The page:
Remote Control by Nnedi Okorafor

Remote Control cover imageSummary: A girl finds herself with powers she did not ask for, without a name or a family.

Remote Control is the seventh book I have read by Nnedi Okorafor, but the first in the last four years. I continue to like this length of book, a long novella or a short novel. The print copy is 160 pages or just over 4 hours in audiobook. That length has enough time for real character development but tends to have a simpler plot structure and less fluff. Don’t get me wrong, I like a good long novel at times, but not every novel needs to be 350-450 pages.

Remote Control was written in 2020, and I think it reflects that time. It is a dark novel. Many of Okorafor’s novels have dark premises or realities to them. She Who Fears Death is a post-apocalyptic novel about a girl born after a violent rape. Binti is about an African Teen on her way to college on another planet and who witnesses everyone on the ship she is traveling on slaughtered before negotiating a peace. The Akata series is more for young adults and not quite as heavy, but it still deals with some difficult topics.

Remote Control opens with the protagonist, Sankofa, acting as a grim reaper type of character before going back and giving some back story and then moving forward with the rest of the story. This is a near-future sci-fi story. It is very much rooted in Africa, in this case set in Ghana.

I do not want to give away detail, or deter you from reading, but this is a story that is tragic. A young girl’s entire family and village are destroyed. In her innocence and youth, she blames herself. She is left to care for herself and manages to do so.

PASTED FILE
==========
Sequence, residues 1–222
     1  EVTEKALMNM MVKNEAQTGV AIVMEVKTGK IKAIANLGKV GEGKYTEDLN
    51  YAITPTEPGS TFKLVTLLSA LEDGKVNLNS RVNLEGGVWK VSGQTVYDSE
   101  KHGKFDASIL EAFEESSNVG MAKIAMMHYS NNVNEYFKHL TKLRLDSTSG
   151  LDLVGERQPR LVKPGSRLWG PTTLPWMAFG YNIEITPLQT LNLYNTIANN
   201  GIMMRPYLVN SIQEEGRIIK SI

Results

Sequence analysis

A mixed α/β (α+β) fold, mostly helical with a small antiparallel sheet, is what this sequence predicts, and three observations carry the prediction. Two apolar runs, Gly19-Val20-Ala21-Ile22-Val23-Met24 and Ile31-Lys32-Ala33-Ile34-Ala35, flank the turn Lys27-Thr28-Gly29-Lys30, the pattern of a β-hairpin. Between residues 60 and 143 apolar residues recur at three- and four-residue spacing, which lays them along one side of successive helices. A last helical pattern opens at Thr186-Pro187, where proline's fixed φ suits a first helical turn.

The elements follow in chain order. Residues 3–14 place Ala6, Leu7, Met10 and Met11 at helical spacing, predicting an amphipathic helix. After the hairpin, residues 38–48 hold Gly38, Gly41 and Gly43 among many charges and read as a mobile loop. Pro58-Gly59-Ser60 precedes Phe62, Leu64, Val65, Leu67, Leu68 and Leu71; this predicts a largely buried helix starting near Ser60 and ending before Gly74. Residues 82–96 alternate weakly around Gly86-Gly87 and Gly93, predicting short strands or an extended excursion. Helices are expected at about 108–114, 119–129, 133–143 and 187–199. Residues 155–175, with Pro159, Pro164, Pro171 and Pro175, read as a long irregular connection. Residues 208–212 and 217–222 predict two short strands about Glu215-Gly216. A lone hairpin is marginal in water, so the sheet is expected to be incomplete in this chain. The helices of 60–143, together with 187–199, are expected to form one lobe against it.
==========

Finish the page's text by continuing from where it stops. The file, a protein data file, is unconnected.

I suspect that the power is intended to have greater meaning than simply a stand-in for trauma. But I do think it can be read that way. As a child, the world happens around her, and she can only respond. As the story goes on, that response that she has developed to protect her can harm others. She does not want to harm others, but sometimes she is pushed too far, and sometimes nothing else can be done but protect herself.

There is not a nice little bow at the end. But if this was written as a metaphor for trauma, that is accurate to the reality of it.

I have not loved the narrators of some of Okorafor’s other novels, but I did like the narration and production of this one. It felt like an authentic accent without being faked. And it had a good sense of the emotion and development of the story from child to teen.

Remote Control by Nnedi Okorafor Purchase Links: Paperback, Kindle Edition, Audiobook

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